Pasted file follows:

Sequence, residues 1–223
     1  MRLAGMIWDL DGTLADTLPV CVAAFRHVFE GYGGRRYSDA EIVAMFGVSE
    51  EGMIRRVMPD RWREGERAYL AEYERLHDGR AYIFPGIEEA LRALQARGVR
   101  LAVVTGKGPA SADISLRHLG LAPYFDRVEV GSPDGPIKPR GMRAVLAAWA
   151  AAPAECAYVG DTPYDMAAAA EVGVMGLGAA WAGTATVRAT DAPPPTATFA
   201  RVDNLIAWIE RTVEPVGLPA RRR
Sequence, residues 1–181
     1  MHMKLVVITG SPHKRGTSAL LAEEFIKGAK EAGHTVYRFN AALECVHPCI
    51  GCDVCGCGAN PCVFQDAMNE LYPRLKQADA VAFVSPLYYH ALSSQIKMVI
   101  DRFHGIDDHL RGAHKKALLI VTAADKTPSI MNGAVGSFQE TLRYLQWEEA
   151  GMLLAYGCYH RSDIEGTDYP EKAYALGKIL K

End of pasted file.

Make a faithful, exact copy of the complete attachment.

Sequence, residues 1–223
     1  MRLAGMIWDL DGTLADTLPV CVAAFRHVFE GYGGRRYSDA EIVAMFGVSE
    51  EGMIRRVMPD RWREGERAYL AEYERLHDGR AYIFPGIEEA LRALQARGVR
   101  LAVVTGKGPA SADISLRHLG LAPYFDRVEV GSPDGPIKPR GMRAVLAAWA
   151  AAPAECAYVG DTPYDMAAAA EVGVMGLGAA WAGTATVRAT DAPPPTATFA
   201  RVDNLIAWIE RTVEPVGLPA RRR
Sequence, residues 1–181
     1  MHMKLVVITG SPHKRGTSAL LAEEFIKGAK EAGHTVYRFN AALECVHPCI
    51  GCDVCGCGAN PCVFQDAMNE LYPRLKQADA VAFVSPLYYH ALSSQIKMVI
   101  DRFHGIDDHL RGAHKKALLI VTAADKTPSI MNGAVGSFQE TLRYLQWEEA
   151  GMLLAYGCYH RSDIEGTDYP EKAYALGKIL K